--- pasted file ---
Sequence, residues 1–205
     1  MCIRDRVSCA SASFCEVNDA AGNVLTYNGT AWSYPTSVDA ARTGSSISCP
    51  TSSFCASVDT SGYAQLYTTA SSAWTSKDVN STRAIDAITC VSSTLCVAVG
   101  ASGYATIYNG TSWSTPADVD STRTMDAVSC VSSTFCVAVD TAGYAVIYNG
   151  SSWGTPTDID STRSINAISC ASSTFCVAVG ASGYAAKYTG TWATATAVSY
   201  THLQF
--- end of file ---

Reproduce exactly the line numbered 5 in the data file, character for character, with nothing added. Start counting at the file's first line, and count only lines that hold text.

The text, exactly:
   151  SSWGTPTDID STRSINAISC ASSTFCVAVG ASGYAAKYTG TWATATAVSY